4–6 years 15–50 U/L
         7–9 years 15–40 U/L
         10–11 years 10–60 U/L
         >16 years 0–35 U/L
 
         12–15 years
         >16 years
Males Females
15–40 U/L 10–30 U/L
0–35 U/L
   Alanine aminotransferase (ALT; serum glutamic pyruvic transaminase [SGPT])11  
         1–3 years May be slightly higherin young children
         10 years–adult 0–35 U/L
Triglyceride (S) 25–175 mg/dL
Troponin I (S) <1.6 ng/mL
Troponin T (S) <0.1 ng/mL
Urea nitrogen (BUN) (S) 10–20 mg/dL
Uric acid (S)
Males Females
2.5–8.0 mg/dL 1.3–6.0 mg/dL
Urobilinogen (U) 1–3.5 mg/24 hr
Viscosity (correlates with fibrinogen, HDL-cholesterol) (S, P) 1.6–2.0 relative units
Vitamin A (S) 20–100 μg/dL
Vitamin B1 (thiamine) (S) 0–2 μg/dL
Vitamin B2 (riboflavin) (S) 4–24 μg/dL
Vitamin B6 (S) 5–30 ng/dL
Vitamin C (ascorbic acid) (S) 0.4–1.0 mg/dL
Vitamin D3 (1,25-dihydroxy-vitamin D) (S) 25–45 pg/mL
Vitamin D3 (25-dihydroxy-vitamin D) (S) 10–68 ng/mL
Vitamin E (S) 5–18 μg/dL
Vitamin K (S) 0.13–1.19 ng/mL
P, plasma; S, serum; U, urine; WB, whole blood.
Footnotes
9
Bock BJ, et al. The data warehouse as a foundation population-based reference intervals. Am J Clin Pathol 2003;120:662.
10
Bock BJ, et al. The data warehouse as a foundation for population-based reference intervals. Am J Clin Pathol 2003;120:662.
11
Bock BJ, et al. The data warehouse as a foundation for population-based reference intervals. Am J Clin Pathol 2003;120:662.
P.18

P.19

P.20

P.21

Blood and Urine Hormone—Reference Values
Adrenocorticotropic hormone (ACTH) (P)  
   0800 hours 25–100 pg/mL
   1800 hours <60 pg/mL
Aldosterone (S)  
   Normal sodium diet (supine) 1–16 ng/dL
   Normal sodium diet (standing) 4–31 ng/dL
   Low sodium diet (supine) 2–5× supine value
Aldosterone (U)  
Normal sodium diet 6.0–25 μg/24 hr
   Low sodium diet 17.0–44.0 μg/24 hr
   High sodium diet 0.0–6.0 μg/24 hr
Androstenedione (S)  
   Child 5–50 ng/dL
   Adult 50–250 ng/dL
Angiotensin-converting enzyme <40.0 U/L
      (ACE) (S)  
Calcitonin (P)  
   Basal Males, <19 pg/mL; females, <14 pg/mL.
   Calcium infusion (2.4 mg calcium/kg) Normal increase is <0.2 ng/mL above basal level. See Chapter 13.
   Pentagastrin infusion (0.5 μg/kg)  
Catecholamine fractionation (free) (P)
 
   Norepinephrine
   Epinephrine
   Dopamine
Supine Standing
(at least 30 min.)
100–400 pg/mL 300–900 pg/mL
≤70 pg/mL ≤110 pg/mL
<30 pg/mL (any posture)
Catecholamine fractionation (U)
   Norepinephrine
      <1 year 0–10 μg/24 hr
      1–2 years 1–17 μg/24 hr
      2–3 years 4–29 μg/24 hr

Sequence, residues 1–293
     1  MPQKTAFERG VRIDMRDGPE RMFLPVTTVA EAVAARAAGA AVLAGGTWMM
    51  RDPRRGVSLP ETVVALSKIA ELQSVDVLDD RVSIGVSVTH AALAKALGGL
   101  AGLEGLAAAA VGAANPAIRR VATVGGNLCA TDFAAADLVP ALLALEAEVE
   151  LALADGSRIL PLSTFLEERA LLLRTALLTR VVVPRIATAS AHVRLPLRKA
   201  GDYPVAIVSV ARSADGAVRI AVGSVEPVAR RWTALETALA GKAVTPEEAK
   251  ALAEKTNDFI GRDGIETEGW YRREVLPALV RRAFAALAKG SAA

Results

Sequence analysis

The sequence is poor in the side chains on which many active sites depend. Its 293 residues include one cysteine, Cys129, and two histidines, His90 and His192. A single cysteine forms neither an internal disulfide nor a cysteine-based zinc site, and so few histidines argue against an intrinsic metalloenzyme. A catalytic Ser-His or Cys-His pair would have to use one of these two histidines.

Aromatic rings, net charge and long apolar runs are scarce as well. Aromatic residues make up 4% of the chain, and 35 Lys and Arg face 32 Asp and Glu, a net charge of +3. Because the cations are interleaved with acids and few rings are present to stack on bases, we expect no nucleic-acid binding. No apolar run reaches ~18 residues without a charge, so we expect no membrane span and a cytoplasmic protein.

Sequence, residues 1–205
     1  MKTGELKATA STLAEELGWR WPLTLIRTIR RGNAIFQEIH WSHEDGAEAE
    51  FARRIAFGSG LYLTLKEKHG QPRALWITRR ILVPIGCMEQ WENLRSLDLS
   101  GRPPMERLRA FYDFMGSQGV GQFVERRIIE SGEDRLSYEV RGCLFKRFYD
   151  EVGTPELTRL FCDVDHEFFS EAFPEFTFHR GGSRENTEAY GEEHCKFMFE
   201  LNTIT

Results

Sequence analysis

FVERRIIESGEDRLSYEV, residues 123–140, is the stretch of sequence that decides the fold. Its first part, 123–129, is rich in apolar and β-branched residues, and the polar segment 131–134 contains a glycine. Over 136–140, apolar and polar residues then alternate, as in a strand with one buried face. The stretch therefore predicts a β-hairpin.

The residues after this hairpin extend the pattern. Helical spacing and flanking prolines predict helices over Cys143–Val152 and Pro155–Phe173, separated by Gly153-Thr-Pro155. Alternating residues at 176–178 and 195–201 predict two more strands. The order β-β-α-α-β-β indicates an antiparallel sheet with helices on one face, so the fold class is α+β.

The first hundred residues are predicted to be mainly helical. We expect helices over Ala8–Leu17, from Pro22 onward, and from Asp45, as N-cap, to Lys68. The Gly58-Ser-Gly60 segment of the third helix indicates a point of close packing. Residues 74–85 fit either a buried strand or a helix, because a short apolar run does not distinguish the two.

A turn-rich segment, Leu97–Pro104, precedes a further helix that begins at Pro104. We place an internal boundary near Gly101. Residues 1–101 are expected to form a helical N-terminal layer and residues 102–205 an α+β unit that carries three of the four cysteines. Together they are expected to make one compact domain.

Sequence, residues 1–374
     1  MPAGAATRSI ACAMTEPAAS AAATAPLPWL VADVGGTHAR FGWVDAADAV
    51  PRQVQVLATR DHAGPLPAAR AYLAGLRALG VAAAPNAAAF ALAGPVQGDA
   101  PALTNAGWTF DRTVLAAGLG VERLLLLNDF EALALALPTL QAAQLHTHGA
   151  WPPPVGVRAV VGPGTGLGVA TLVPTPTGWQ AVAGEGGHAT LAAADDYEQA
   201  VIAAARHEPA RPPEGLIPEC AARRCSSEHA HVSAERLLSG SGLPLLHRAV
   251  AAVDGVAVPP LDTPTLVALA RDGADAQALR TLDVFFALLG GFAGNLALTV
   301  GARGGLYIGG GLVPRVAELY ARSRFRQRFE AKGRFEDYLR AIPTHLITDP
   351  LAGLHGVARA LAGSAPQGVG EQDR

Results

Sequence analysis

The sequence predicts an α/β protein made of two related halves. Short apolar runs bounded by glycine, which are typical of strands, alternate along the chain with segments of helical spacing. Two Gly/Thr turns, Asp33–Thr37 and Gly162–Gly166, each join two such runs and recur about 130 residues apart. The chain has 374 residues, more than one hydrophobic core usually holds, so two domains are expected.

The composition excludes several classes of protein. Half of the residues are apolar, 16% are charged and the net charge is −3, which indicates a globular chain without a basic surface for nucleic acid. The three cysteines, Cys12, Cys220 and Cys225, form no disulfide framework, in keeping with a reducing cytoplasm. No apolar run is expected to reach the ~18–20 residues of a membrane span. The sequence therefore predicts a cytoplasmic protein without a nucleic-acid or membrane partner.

5–7 years 8–45 μg/24 hr
      8–10 years 13–65 μg/24 hr
      >11 years 15–100 μg/24 hr
   Epinephrine
      <1 year <2.5 μg/24 hr
      2 years <3.5 μg/24 hr
      3–4 years <6.0 μg/24 hr
      5–7 years <10 μg/24 hr
      >8 years <20 μg/24 hr
Dopamine
      <1 year <85 μg/24 hr
      2 years 10–140 μg/24 hr
      3–4 years 40–260 μg/24 hr
      >5 years 60–400 μg/24 hr
Catecholamine metabolites fractionation (U)
Homovanillic acid (HVA) (random)
   <1 year <32.6 μg/mg creatinine
   2–4 year <22 μg/mg creatinine
   5–9 years <15.1 μg/mg creatinine
   10–19 years <12.8 μg/mg creatinine
   >20 years <7.6 μg/mg creatinine
   24-Hour urine <8 mg/24 hr
Metanephrines (U) <1.3 mg/24 hr
Metanephrines (S) <0.50 nmol/L
Nounatanephrines (S) <0.50 nmol/L
Vanillylmandelic acid (VMA)  
   Random 4–11.8 μg/mg creatinine
   24-Hour urine 2.6–7.7 mg/24 hr
Chorionic gonadotropins, beta-subunit (S)  
   Females, nonpregnant <5 IU/L
   Postmenopausal females <9 IU/L
   Males <2.5 IU/L
   Cerebrospinal fluid (CSF) ≤1.5 IU/L
Cortisol (for general screening) (S) 8 AM–noon: 5–25 μg/dL
  Noon–8 PM: 5–15 μg/dL
  8 PM –8 AM: 0–10 μg/dL
Cortisol, free (U) 20–70 μg/24 hr
Deoxycorticosteroids (for metyrapone test), plasma AM: 0–5 μg/dL
PM: 0–3 μg/dL
Dehydroepiandrosterone (DHEA) (S)
   <6 years
   6–8 years
   8–10 years
   10–12 years
   12–14 years
   Adult
Males Females
26–72 ng/dL 19–42 ng/dL
29–66 ng/dL 73–165 ng/dL
53–135 ng/dL 74–180 ng/dL
183–383 ng/dL 234–539 ng/dL
240–520 ng/dL 224–611 ng/dL
180–1,250 ng/dL 130–980 ng/dL
Dehydroepiandrosterone sulfate (DHEA-S) (S)
 
   1–5 years
   6–11 years
   12–17 years
   Adult
Males Females
<10 μg/mL  
10–150 μg/mL  
30–550 μg/mL  
10–619 μg/mL 12–535 μg/mL premenopausal; 30–160 μg/mL postmenopausal
Estradiol (S, P)  
   Adult males <20 pg/mL
   Premenopausal females  
      Follicular phase ≤145 pg/mL
      Midcycle peak 112–443 pg/mL
      Luteal phase ≤241 pg/mL
   Postmenopausal females <59 pg/mL
Estrone (S, P)  
   Female  
      Follicular phase of menstrual cycle 1.5–15.0 pg/mL
      Luteal phase of menstrual cycle 1.5–20 0 pg/mL
      Postmenopausal 1.5–5.5 pg/mL
   Male 1.5–6.5 pg/mL
Estrogen and progesterone receptor assays (tissue)  
   Negative <3 fmol/mg cytosol protein
   Borderline 3–9 fmol/mg cytosol protein
   Positive ≥10 fmol/mg cytosol protein
Follicle-stimulating hormone (FSH) (S/P)  
   Adult male 1–12 mIU/L
   Adult female, menstruating  
      Follicular 3.0–20.0 mIU/L
      Ovulatory 9.0–26.0 mIU/L
      Luteal 1.0–12.0 mIU/L
      Postmenopausal 18–153 mIU/L
Fructosamine (S) 1.61–2.68 mmol/L
Gastrin, serum (S) <100 pg/mL
Glucagon (P) 20–100 pg/mL
Growth hormone (S) 0.5–17 ng/mL
5-Hydroxyindolaeacetic acid (5-HIAA) (U) <6 mg/24 hr
17-Hydroyxprogesterone (U)  
   Males 5.0–250 ng/dL
      Prepubertal 0–80 ng/dL
   Females  
      Follicular phase 20–100 ng/dL